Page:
Bruins' Midseason Grades: David Krecji, Tim Thomas, Manny Fernandez Lead the Way

Philip RichContributor IJanuary 23, 2009

With the Bruins off to one of their best starts in franchise history, it’s time to evaluate the players heading into the All-Star break. The grades may seem a little on the higher end overall, but that's also true of the Bruins’ performance. So take a look, and feel free to comment. I’d love to hear some feedback from Bruins fans and non-Bruins fans alike.





David Krejci: A+

His talent showed in the Montreal series last spring, but no one could have predicted his offensive explosion this year. He’s playing with a maturity and creativity beyond his years, and he is quickly becoming one of the most exciting players to watch in the NHL.


Marc Savard: A

Still the premier playmaker on the team, leading in points (56) and assists (40). His +28 puts him at No. 1 in the NHL in the +/- category.


Phil Kessel: A

He has matured by leaps and bounds from season to season, and he’s finally finding his place as an elite goal-scorer. He still has a tendency to try to do too much when he has the puck, but if that’s his biggest drawback, then the Bruins are in good shape.



Michael Ryder: A-

Had a slow start to the season, but seven of his 18 goals have been game-winners (in addition to a shootout game-winner vs. Toronto). He is on pace to be a 30-goal-scorer, and without Bergeron and Sturm, his goal-scoring ability is crucial to the Bruins’ success.


Blake Wheeler: B+

He is proving to be a very balanced player with remarkable skating ability. He currently sits sixth on the team with 30 points, and don’t be shocked if his scoring pace increases in the second half as he really finds his game.


Milan Lucic: B+

He is compared to Cam Neely on an hourly basis, and his fighting ability is certainly at Neely’s level. But his goal-scoring production needs to increase significantly if he wants to truly be Boston’s new “power forward.”


P.J. Axelsson: B

He is the ideal defensive forward role player for the B’s. He leads all Bruin forwards in short-handed ice time, but his lack of offense is evident in the fact that two of his four goals have been empty-netters.


Stephane Yelle: B

Similar to Axelsson, he provides a veteran presence that a young team like the Bruins absolutely needs. His contribution lies more in his leadership role than in goals and assists.


Chuck Kobasew: B

He has cooled down considerably from his hot start to the season, but he’s the same solid player he was last year. Don’t be surprised if he hits another hot streak down the stretch.



Marco Sturm: B-

Had a decent start to the season before once again being sidelined for the season with a devastating knee injury. Before the injury, Sturm had four power play goals in only 19 games. While the B's will certainly miss his offensive production, their depth should overcome this setback.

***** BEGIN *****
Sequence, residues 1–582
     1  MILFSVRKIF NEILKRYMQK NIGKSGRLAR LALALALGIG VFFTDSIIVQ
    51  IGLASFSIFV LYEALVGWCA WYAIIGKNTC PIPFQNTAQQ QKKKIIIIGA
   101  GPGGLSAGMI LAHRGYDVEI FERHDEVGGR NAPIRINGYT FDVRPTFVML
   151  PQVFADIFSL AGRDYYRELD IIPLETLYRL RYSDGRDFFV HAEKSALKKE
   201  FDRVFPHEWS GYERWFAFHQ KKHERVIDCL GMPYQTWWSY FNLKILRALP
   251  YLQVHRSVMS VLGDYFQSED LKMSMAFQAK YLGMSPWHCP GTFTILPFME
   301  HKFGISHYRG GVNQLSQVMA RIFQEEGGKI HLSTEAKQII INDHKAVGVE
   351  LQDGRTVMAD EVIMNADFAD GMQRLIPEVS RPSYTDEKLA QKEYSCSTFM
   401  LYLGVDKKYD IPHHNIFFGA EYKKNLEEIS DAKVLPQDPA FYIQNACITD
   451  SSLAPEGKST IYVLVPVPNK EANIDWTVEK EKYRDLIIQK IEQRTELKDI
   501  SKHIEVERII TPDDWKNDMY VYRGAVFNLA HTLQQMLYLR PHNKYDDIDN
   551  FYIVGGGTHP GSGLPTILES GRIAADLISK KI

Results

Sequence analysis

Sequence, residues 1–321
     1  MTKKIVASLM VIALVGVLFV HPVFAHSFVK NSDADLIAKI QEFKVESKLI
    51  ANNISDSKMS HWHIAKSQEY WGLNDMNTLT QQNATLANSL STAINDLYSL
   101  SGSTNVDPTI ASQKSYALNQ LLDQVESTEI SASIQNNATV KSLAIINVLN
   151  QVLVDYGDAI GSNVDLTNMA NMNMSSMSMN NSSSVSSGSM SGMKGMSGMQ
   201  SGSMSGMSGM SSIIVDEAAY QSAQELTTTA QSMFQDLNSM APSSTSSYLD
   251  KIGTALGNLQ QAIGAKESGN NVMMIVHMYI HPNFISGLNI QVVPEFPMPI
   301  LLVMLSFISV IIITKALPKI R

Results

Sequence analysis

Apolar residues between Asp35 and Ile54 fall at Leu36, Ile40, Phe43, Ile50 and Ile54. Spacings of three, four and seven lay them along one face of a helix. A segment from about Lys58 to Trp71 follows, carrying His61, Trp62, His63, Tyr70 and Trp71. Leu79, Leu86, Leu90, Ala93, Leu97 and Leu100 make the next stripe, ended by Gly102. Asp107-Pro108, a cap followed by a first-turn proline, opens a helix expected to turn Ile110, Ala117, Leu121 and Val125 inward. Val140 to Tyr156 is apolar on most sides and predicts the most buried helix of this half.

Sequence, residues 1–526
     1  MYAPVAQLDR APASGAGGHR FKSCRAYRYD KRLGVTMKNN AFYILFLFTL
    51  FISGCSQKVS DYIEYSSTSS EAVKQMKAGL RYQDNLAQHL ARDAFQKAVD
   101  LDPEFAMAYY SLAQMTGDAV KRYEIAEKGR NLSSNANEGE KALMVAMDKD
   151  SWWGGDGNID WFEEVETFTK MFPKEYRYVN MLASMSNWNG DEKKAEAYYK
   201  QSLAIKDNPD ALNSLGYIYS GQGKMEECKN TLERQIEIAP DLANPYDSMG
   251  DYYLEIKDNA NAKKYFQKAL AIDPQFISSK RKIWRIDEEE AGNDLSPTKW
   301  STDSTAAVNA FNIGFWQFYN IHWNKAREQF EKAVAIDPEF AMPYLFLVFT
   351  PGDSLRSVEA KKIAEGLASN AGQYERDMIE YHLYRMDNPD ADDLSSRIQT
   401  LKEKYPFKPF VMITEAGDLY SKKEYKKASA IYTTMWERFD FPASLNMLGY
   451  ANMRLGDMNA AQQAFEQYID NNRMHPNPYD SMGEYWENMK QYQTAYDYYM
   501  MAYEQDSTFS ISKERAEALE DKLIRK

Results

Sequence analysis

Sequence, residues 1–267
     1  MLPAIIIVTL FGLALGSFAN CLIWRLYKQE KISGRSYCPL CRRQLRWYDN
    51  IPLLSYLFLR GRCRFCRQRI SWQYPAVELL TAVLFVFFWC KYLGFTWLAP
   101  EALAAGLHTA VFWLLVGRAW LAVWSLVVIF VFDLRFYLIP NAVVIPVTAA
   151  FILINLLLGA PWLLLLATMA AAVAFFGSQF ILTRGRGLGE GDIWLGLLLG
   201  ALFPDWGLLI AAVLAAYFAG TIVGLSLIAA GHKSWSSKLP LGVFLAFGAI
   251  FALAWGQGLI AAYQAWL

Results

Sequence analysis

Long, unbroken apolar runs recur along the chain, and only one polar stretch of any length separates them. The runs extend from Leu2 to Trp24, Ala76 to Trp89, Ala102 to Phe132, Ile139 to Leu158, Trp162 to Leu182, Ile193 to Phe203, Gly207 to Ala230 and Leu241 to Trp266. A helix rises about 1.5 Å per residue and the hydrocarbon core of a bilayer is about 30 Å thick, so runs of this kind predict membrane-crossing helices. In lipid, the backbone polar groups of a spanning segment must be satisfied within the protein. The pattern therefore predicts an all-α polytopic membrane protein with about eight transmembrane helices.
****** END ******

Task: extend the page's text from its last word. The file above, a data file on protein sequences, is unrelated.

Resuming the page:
Shawn Thornton: B-

Thornton's team-leading 88 penalty minutes—attributed to his willingness to drop the gloves—combined with his energy, allows Milan Lucic to focus more on being a complete hockey player and not just an enforcer.



Petteri Nokalainen: C-

Through 27 games, he has tallied only one assist, and at minus-3, is one of only four Bruins to be a minus player on the season.


Vladimir Sobotka: D+

High expectations in the preseason have not come to fruition. Though he has spent a good deal of time in Providence, he has netted only one goal and two assists through 19 games. In addition, his minus-9 rating is worst on the team.


Patrice Bergeron: D+

Possibly still hampered by last year’s concussion, but his four goals and 14 assists in 31 games is sub-par at best.






Zdeno Chara: A

No surprise that his defensive play is stellar, but his seven goals and 10 assists on the man advantage have been a catalyst for the third-best power-play unit in the NHL.



Dennis Wideman: A

His plus-26 ranks third in the NHL, and first among all defensemen. His average ice time is second on the Bruins, behind only Chara. In addition, he is becoming an offensive force on the power play, with five goals.


Aaron Ward: B+

The man is a shot-blocking machine and an integral part of the Bruins' defense. His willingness to sacrifice his body epitomizes the grit of the Bruins team. One goal and five assists isn’t exactly great, but his intangibles make him vital to the team.



Matt Hunwick: B+

With the injury to Andrew Ference, Hunwick became an everyday defenseman—probably a little sooner than Claude Julien would have liked. But he has performed remarkably. His 15 points is an added bonus to strong defensive play.



Shane Hnidy: B

Similar to Aaron Ward, he is a tough, gritty defenseman who isn’t afraid to mix things up. Not a ton of offensive production, but goals and assists certainly aren’t the only measure of a defenseman.



Mark Stuart B-

Similar to Shawn Thornton, his pugilist abilities give the Bruins another physical presence. Nothing flashy, but he does his job effectively.





Tim Thomas: A+

He has certainly silenced the critics who said last year was a fluke. A league-leading .934 save percentage, coupled with a 2.09 GAA, proves that Thomas has taken his place among the goaltending elite.

Someone tell that to whoever makes the All-Star ballots.


Manny Fernandez: A+

The Bruins needed a viable No. 2 goaltender, but they got a superstar in Fernandez. Last year’s injury has clearly healed perfectly, and he—like Thomas—is in the top five in save percentage (.928) and GAA (2.07).





Andrew Ference


Byron Bitz


Martins Karsums


Johnny Boychuk


Matt Lashoff


Martin St. Pierre